Josh Abbott Band Gets Personal On Most Intimate Album To Date, ‘Front Row Seat’ Out Nov. 6 On Thirty Tigers

Wednesday, September 2nd, 2015

Front Row Seat- Album Cover

From First Kiss To What Went Wrong, Josh Abbott Band Gets Personal On Most Intimate Album To Date, ‘Front Row Seat’ Out Nov. 6 On Thirty Tigers


Exposition (n): the action of making public.

Incitation (n): an act of inciting, stimulation.

Intimacy (n): a close association with or detailed knowledge or deep understanding of a place, subject, period of history.

Dissolution [n]: the undoing or breaking of a bond.

Denouement [n]: the final resolution of the intricacies of a plot.

These five pivotal relationship stages play out in five cinematic acts that make up ‘Front Row Seat’ (out Nov. 6 on Thirty Tigers), a 15-song album that encompasses Josh Abbott Band’s most intimate and intense writing to date. The story unfolds, giving listeners a front row seat to a failed relationship; from the first magical kiss to how thing fell apart and ultimately how the characters will move on with their lives.  

‘Front Row Seat’ holds a more personal, introspective narrative and is in line with some of the darker subject matter, including sex trafficking and domestic abuse, which the band has explored in the past. Produced by Dwight A. Baker (The Wind & The Wave), ‘Front Row Seat’ was recorded at Matchbox Studios in Austin and yielded some of Josh’s most emotional recording sessions to date. Heavy-hitting songwriters including GRAMMY winner Shane McAnally and Zac Brown Band collaborator Wyatt Durette contributed writing to the album and helped to shape the theatrical progression, adding rising vocalists Macy Maloy and Carly Pearce sang the part of the female protagonist on two songs, evoking the emotion of single “Oh Tonight” off their 2012 ‘She’s Like Texas’ EP featuring a then-unknown Texan named Kacey Musgraves.

The album begins with a one-two punch of banjo and acoustic guitar on “While I’m Young”, the kick off to the Exposition act, that sees Josh capturing the electric energy of a night on the town with no worries of having cash or meeting a curfew and enjoying some no-strings-attached flirtations on “I’ve Been Known”.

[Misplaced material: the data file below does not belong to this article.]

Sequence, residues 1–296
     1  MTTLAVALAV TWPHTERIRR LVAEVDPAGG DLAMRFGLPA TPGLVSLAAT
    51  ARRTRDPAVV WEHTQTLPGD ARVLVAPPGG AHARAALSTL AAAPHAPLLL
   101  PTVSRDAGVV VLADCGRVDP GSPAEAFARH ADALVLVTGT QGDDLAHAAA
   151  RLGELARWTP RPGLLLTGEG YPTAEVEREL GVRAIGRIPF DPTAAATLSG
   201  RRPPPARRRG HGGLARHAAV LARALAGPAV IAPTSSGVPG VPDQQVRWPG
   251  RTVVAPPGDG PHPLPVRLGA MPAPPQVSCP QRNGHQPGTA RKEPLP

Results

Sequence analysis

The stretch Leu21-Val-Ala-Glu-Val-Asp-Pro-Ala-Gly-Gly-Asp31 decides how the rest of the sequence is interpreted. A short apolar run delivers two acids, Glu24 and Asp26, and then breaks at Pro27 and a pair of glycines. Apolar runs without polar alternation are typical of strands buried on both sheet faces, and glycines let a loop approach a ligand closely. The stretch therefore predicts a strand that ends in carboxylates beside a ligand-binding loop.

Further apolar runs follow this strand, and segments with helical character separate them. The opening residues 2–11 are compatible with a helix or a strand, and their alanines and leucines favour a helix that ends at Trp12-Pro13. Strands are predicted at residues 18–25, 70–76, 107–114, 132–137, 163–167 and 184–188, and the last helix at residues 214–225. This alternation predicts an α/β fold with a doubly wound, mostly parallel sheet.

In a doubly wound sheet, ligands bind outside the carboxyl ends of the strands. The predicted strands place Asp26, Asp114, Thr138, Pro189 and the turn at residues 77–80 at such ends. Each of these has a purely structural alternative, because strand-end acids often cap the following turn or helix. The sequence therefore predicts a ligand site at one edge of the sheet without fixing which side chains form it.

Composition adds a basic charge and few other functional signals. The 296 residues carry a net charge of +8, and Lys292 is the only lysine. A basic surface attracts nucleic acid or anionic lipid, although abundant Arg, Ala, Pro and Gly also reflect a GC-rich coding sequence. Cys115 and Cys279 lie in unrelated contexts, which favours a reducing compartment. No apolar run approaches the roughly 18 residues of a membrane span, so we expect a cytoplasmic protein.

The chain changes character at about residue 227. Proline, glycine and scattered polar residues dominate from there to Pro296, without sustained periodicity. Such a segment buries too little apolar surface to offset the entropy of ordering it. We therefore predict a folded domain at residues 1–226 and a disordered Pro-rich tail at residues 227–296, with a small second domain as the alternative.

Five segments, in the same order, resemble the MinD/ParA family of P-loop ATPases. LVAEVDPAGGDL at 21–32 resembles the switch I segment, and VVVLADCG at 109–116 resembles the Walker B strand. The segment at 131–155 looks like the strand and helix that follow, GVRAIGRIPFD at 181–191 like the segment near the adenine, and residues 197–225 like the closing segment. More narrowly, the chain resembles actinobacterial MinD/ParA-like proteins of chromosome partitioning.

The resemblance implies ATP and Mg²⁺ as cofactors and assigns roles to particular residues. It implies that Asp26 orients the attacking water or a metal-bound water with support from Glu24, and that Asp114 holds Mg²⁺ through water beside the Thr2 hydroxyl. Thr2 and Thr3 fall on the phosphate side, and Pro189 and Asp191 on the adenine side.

Entering into the Incitation act, a shift is marked by stand-out track “Wasn’t That Drunk”, with Carly’s smoky vocals echoing Josh’s admission that an intoxicated kiss was long in the making. The protagonist of the album has fallen in lust, and the act is marked by the warble of banjo and the plain-spoken declaration on “Kiss You Good”.

The walls begin to break down on the Intimacy act, with Josh singing sweet nothings on “Crazy Things” and “Kisses We Steal” in the tone of a man whose fallen head over heels. “Front Row Seat” extolls the joy of knowing you have a firsthand look at the inner workings of your partner’s mind, and the rest of the world only gets a fleeting glimpse.

The comfort of shared intimacy is not to be for long, and the next Act, Dissolution, identifies the problems that can lead to the break up of any relationship. “Ghosts” takes the album in a darker direction, a solemn number with a man admitting his role in a relationship falling apart. “This Isn’t Easy” is a wounded man imploring for understanding and empathy. 

Dénouement (French for “aftermath”) caps the album and marks the desolation of coming to terms with the end of a relationship and the realization that someone who was once a partner is now a stranger. Lead single “Amnesia” is a plea to being physically overtaken by the loss of memory rather than going on remembering the joy of the relationship. Opening with a lone guitar, “Anonymity” reaches the quiet conclusion of a love best explored slowly, under the safety of darkness, and closes out the album.

Hailed as one of the “top tier TX country acts of this decade (Houston Press),” Josh Abbott Band is renowned for heartfelt songwriting and traditional instrumentation stoked by a Texas twang. ‘Tuesday Night’ (out in 2014 on Atlantic), debuted at #12 on the Billboard Country Album chart and established the band as “one of the rising stars in a country scene that spans both Texas and Nashville (Texas Monthly)”. Additionally, the band’s first three Independent projects saw release on Josh’s own Pretty Damn Tough label and sold over 175,000 copies total and 1.4 million singles. The band sold 741,590 concert tickets in the past two years alone and is out on the ‘Where’s the Party?’ tour, their biggest to date.


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